Reviewed: December 24, 2004
Released: November 16, 2004
Dragonball Z has quite the history from manga to anime. Not to mention its LONG history in videogames. In fact, Dragonball has had a game for almost every system since the days of the Famicom, which was the Japanese NES for the uninformed.
If you lived on this side of the pacific, you'd hardly know it though. The very first "Dragonball" game ever released here was "Dragon Power" for the NES, which is a neigh recognizable (due to censoring) version of the Famicom's "Mystery of Shen Long".
But enough about the past, this is 2004 and you're here to read about Dragon Ball Z Budokai 3 by Atari. As were the previous two, Budokai 3 is a one-on-one fighting game pitting the greatest warriors in the Dragonball Universe against each other. With a huge host of enhancements, Budokai 3 looks to be the best one yet.
As a fighting game, Budokai has a remarkable variety of modes. You get a full-blown training section; complete with twelve lessons about the game each does a great job of teaching you the intricacies of controlling your fighter. You also get the standard practice mode where you can wail on another character to learn and/or see your moves in action.
As anyone who has seen Dragonball knows, fighting is a large part of the property, usually fast-paced and quite brutal. Budokai does the best job of capturing this as any DBZ game Iíve ever played. The controls are simple, yet you still retain a great assemblage of moves and are always in full control. The fights look almost identical to the show. Blocking, teleporting, beam struggles, itís all here and done in such a way that isnít intimidating or needlessly complicated.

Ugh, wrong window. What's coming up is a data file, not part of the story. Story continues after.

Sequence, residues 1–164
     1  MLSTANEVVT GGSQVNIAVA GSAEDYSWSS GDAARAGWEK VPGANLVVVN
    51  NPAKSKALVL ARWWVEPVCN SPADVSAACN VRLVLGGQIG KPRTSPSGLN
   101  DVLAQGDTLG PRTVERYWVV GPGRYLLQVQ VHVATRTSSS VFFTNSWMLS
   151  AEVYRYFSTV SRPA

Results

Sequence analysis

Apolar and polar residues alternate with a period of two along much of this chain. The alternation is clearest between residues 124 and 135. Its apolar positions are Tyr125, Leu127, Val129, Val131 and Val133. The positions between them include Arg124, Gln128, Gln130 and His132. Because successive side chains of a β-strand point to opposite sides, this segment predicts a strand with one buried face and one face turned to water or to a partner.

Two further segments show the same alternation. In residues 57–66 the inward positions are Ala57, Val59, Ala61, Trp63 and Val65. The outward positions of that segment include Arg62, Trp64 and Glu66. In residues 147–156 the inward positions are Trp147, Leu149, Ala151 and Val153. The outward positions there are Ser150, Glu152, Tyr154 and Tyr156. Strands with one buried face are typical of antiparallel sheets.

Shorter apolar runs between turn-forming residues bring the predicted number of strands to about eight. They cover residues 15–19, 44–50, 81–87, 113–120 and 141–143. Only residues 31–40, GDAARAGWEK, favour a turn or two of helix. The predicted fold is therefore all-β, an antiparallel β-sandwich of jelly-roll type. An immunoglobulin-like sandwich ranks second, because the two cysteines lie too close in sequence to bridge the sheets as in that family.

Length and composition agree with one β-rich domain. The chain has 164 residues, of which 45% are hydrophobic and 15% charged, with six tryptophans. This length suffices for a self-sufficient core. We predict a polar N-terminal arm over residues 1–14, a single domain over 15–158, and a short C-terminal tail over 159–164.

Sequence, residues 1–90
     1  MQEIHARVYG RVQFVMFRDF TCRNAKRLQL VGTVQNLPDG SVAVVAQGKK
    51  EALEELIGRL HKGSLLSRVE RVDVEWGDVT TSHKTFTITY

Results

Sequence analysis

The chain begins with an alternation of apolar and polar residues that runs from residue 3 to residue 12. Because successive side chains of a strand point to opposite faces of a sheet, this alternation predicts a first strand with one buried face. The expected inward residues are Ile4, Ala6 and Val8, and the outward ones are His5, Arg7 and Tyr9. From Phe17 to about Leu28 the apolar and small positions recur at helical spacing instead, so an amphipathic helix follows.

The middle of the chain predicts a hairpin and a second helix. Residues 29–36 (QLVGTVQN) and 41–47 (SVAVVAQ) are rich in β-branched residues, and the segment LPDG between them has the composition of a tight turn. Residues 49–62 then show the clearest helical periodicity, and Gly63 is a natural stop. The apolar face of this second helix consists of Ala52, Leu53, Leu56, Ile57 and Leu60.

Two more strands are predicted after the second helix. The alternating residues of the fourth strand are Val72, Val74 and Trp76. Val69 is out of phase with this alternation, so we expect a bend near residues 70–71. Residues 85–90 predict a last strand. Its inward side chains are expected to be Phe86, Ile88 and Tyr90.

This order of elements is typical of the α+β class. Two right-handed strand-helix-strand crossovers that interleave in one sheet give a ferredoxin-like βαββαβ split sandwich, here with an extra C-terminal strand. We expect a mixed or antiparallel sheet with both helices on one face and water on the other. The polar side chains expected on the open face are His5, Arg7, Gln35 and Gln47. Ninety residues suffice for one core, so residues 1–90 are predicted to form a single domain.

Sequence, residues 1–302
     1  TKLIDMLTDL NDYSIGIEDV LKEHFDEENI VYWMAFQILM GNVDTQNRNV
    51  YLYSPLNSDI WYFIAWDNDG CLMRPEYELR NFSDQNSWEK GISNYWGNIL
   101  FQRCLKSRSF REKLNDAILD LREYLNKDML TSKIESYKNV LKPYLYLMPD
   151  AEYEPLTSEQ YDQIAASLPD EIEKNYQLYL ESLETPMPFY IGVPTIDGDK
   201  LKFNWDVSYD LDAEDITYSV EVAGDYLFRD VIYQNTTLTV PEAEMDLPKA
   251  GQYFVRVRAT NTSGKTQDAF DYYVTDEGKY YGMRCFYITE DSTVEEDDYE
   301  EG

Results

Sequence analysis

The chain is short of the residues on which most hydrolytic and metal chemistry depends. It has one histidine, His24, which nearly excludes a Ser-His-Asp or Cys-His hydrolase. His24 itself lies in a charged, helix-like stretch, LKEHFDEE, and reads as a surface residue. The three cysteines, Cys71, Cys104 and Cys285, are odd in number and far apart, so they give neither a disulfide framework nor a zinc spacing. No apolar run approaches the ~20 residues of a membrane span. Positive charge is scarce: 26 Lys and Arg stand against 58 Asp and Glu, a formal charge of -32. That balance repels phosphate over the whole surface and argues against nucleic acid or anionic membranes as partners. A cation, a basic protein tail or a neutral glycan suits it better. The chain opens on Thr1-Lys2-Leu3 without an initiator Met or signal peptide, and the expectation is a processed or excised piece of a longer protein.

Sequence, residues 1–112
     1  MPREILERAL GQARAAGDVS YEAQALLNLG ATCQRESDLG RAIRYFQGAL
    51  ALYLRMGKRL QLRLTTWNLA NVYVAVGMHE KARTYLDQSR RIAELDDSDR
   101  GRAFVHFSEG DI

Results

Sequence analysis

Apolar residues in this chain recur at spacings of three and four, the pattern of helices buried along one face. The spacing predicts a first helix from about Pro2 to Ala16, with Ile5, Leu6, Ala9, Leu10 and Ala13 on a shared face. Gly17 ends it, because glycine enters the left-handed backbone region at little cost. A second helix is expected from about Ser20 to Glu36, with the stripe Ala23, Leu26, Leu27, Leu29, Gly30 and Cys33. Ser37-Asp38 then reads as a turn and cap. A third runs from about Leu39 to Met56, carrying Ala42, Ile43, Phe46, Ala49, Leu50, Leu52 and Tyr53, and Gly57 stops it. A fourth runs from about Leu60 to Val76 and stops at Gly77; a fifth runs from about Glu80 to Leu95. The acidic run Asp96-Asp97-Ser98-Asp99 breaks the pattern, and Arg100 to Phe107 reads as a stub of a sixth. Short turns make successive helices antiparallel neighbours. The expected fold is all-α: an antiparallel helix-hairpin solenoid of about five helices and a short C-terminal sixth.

My one caveat about the controls is for the transformations and hypermode. Transformations are done by pressing the X, Square, and Triangle buttons. Hypermode is entered when X, Square, Triangle, and Circle button are pressed. Sometimes I accidentally went into Hypermode went I meant to transform or attempted a throw move (X and square) when I meant to transform.
The main story mode is Dragon Universe. Here you can guide a total of eleven fighters through the Dragonball Z story (some even peek into aspects of GT) As you progress you can find capsules, fight enemies, and unlock more characters for use in Dragon Universe, Duel or tournament modes.
Each of the eleven fighters has a version of the same story, different enemies to fight in different order at different power levels. It even has RPG aspects in that you can level up and enhance areas of your fighter, like attack power, defense, energy, etc.
In order to unlock certain bonus characters, it is necessary to play through the Dragon Universe a second time with the same character. In this case, the story can change in certain instances so itís almost like a brand new experience.
You can also collect the seven Dragon Balls during the game and get to pick one of three things at the conclusion if you find them all. Each is something that is quite rare and valuable.
Capsules are another important aspect of the game. Those capsules are your attacks. Every fighter gets punch, kick, guard and teleport, but capsules greatly add to your arsenal, be it transformations, senzu beans, or powerful energy attacks. Some capsules add to your attack, others to your defense, and some can greatly alter the course of battles.
The capsules are a neat idea, you can have people play as the same fighter, but the capsules they choose make the play experience different for each one. You can outfit your character into an offensive juggernaut with Super Saiyan 4 transformation and kamehamahaís or a defensive turtle with shields and energy replacements.
Transformations are another big part of Dragon Ball. A lot of characters have the ability to transform into a more powerful fighter (if you find the right capsule) the characters who had the ability in the show have it in the game, likewise those that didnít are unable to transform. Certain characters also have the ability to fuse together; youíll see everything from Gotenks to the absurdly powerful Super Saiyan Level 4 Gogeta.